Re: Need a nice way to do the "left count"

*To*: mathgroup at smc.vnet.net*Subject*: [mg40302] Re: Need a nice way to do the "left count"*From*: Selwyn Hollis <selwynh at earthlink.net>*Date*: Sun, 30 Mar 2003 20:14:26 -0500 (EST)*Sender*: owner-wri-mathgroup at wolfram.com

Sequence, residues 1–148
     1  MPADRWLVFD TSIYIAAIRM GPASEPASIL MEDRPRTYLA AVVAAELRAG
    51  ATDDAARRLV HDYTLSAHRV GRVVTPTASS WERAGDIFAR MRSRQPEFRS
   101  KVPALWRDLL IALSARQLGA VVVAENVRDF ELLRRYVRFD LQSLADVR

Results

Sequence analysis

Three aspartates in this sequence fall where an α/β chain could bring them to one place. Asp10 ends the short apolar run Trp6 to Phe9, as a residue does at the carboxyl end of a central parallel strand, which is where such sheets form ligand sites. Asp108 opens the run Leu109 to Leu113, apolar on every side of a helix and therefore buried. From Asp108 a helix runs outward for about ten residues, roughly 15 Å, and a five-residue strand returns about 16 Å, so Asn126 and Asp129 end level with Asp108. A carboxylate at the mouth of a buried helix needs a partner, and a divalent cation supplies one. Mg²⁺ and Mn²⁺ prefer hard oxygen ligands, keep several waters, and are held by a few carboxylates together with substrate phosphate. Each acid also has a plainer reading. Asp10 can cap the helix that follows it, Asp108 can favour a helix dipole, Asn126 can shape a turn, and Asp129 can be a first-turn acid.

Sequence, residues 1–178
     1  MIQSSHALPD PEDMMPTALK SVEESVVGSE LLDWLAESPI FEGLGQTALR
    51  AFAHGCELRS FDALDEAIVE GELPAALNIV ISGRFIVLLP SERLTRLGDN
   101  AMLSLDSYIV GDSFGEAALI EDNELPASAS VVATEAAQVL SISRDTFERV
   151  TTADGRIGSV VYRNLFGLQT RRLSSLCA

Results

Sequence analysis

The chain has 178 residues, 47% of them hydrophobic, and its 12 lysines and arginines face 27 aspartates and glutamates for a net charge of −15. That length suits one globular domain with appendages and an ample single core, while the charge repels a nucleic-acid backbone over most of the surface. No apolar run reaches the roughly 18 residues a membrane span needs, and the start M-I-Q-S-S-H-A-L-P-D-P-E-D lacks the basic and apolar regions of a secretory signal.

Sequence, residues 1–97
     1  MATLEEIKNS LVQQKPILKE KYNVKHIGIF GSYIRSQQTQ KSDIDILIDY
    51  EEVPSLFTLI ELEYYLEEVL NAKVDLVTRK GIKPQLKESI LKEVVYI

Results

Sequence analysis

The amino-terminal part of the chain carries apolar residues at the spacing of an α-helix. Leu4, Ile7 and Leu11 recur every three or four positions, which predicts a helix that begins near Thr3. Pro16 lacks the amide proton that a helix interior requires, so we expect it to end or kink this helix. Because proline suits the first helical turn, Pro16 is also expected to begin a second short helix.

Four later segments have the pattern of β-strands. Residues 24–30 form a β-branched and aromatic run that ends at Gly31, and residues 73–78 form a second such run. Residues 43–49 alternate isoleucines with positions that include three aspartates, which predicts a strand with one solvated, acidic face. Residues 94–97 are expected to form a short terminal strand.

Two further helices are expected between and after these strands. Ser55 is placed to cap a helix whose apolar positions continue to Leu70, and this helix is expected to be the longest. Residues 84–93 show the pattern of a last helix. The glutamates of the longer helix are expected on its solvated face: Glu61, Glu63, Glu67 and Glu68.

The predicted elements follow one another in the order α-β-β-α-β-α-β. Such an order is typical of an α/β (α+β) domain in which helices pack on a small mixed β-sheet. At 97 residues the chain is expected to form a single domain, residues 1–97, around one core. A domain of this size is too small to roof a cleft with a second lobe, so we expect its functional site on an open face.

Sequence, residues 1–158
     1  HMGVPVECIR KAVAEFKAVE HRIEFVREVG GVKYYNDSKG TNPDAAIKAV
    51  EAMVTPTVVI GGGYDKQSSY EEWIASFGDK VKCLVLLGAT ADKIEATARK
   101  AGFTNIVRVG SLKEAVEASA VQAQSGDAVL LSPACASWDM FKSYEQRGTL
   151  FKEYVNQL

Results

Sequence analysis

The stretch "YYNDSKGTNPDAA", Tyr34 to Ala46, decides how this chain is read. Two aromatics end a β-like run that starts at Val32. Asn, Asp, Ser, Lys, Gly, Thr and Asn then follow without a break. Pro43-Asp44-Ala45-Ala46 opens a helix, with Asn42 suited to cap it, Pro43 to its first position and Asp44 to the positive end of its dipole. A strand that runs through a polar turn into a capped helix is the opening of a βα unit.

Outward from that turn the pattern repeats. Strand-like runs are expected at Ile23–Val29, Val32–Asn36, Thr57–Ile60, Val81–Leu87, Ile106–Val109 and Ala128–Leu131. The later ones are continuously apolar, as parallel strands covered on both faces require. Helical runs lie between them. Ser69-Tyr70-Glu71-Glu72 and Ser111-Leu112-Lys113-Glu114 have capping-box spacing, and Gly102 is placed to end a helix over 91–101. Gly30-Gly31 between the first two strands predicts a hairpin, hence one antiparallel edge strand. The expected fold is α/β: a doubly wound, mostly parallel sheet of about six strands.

For what it's worth, I get a 4X speed-up by not using PrependTo, and a minor improvement by using Block instead of Module within Scan: countdiffs[s_List] := Module[{members, totals, g, j}, members = Union[s]; totals = Count[s, #] & /@ members; j = Length[s]; Scan[Block[{i = First@First@Position[members, #]}, g[j] = j - totals[[i]]; totals[[i]]--; j--] &, Reverse[s]]; Table[g[i], {i, Length[s]}]] But it's still much slower than drBob's brilliantly incomprehensible code :^) --- Selwyn On Saturday, March 29, 2003, at 08:13 PM, Dr Bob wrote: > Here are timings with a binary-valued list: > > n = 10000; > test = Array[Random[Integer] &, n]; > Timing[gray[test];] > Timing[hanlon[test];] > Timing[andrzej1[test];] > Timing[fisher[test];] > Timing[selwyn[test];] > Timing[drbob[test];] > Timing[andrzej2[test];] > > {36.547*Second, Null} > {12.406000000000006*Second, Null} > {19.437000000000012*Second, Null} > {0.29700000000002547*Second, Null} > {3.7819999999999823*Second, Null} > {0.07800000000003138*Second, Null} > {0.06200000000001182*Second, Null} > > Neither 'gray' nor 'andrzej2' can handle more than two values in a > list, and they give different answers in that case, while the others > agree. (They all agree on binary lists.) > > n = 1000; > test = Array[Round[3*Random[]] &, n]; > andrzej1[test] == fisher[test] == selwyn[test] == hanlon[test] == > drbob[test] > gray[test] == drbob[test] > andrzej2[test] == drbob[test] > gray[test] == andrzej2[test] > > True > False > False > False > > Here are timings on a list with 21 different values: > > n = 10000; > test = Array[Round[20Random[]] &, n]; > Union[test] > Timing[hanlon[test];] > Timing[andrzej1[test];] > Timing[fisher[test];] > Timing[selwyn[test];] > Timing[drbob[test];] > > {0, 1, 2, 3, 4, 5, 6, 7, 8, 9, 10, 11, 12, 13, 14, 15, 16, 17, 18, 19, > 20} > {13.078000000000001*Second, Null} > {15.563000000000002*Second, Null} > {0.5779999999999959*Second, Null} > {2.9849999999999994*Second, Null} > {0.07800000000000296*Second, Null} > > and here are timings with 100 different values: > > n = 10000; > test = Array[Round[99Random[]] &, n]; > Timing[hanlon[test];] > Timing[andrzej1[test];] > Timing[fisher[test];] > Timing[selwyn[test];] > Timing[drbob[test];] > > {12.969000000000001*Second, Null} > {15.765*Second, Null} > {2.2039999999999935*Second, Null} > {3.6400000000000006*Second, Null} > {0.09399999999999409*Second, Null} > > 'fisher' seems badly affected by increasing the number of values. > > Bobby > > On Sun, 30 Mar 2003 08:00:57 +0900, Andrzej Kozlowski > <akoz at mimuw.edu.pl> wrote: > >> If any one is interested in doing performance tests I suggest using >> my other function, which I also posted to the Mathgroup. The two >> functions were meant to demonstrate the difference between elegance >> (which I identify with shortness of code) and efficiency. Here is >> the efficient one (the algorithm works only for lists containing just >> two distinct symbols): >> >> f2[l_List] := Module[{mult = >> Length /@ Split[l], list1, >> list2, values}, list1 = Rest[FoldList[Plus, 0, Table[mult[[i]], {i, 1, >> Length[mult], >> 2}]]]; list2 = >> FoldList[Plus, >> 0, Table[mult[[i]], {i, 2, 2( >> Floor[(Length[mult] + 1)/2]) - 1, 2}]]; >> values = Take[Flatten[Transpose[{list2, >> list1}]], Length[mult]]; Flatten[Table[Table[values[[i]], { >> mult[[i]]}], {i, 1, Length[mult]}]]] >> >> >> >> On Sunday, March 30, 2003, at 07:12 am, Steve Gray wrote: >> >>> Hello all, >>> I am again gratified for all the prompt, more-than-competent >>> solutions to my problem. I'm enclosing a .nb file with all replies >>> received so far so you can compare them. I did not do timing because >>> the lists I have are relatively short and I don't need to call this >>> function very often. >>> Thanks again. >>> >>> Steve Gray >>> >>> ----- Original Message ----- >>> From: BobHanlon at aol.com To: mathgroup at smc.vnet.net >>> To: stevebg at adelphia.net >>> Sent: Saturday, March 29, 2003 4:53 AM >>> Subject: [mg40302] Re: [mg40279] Need a nice way to do this >>> >>> In a message dated 3/29/03 6:11:39 AM, stevebg at adelphia.net writes: >>> >>> Given a list consisting of only two distinct values, such as >>> s={a,b,b,a,a,a,b,a,b,a,a}, I want to derive a list of equal length >>> g={0,1,1,2,2,2,4,3,5,4,4}. The rule is: for each position >>> 1<=p<=Length[s], look at list s and set g[[p]] to the number of >>> elements in s to the left of p which are not equal to s[[p]]. >>> In a more general version, which I do not need now, s would >>> not be restricted to only two distinct values. >>> >>> Thank you for any ideas, including other applications where >>> this particular calculation is used. The current application is an >>> unusual conjecture in geometry. >>> >>> >>> <Left-Count.nb> >> Andrzej Kozlowski >> Yokohama, Japan >> http://www.mimuw.edu.pl/~akoz/ >> http://platon.c.u-tokyo.ac.jp/andrzej/ >> >> > > > > -- > majort at cox-internet.com > Bobby R. Treat<Left-Count.nb>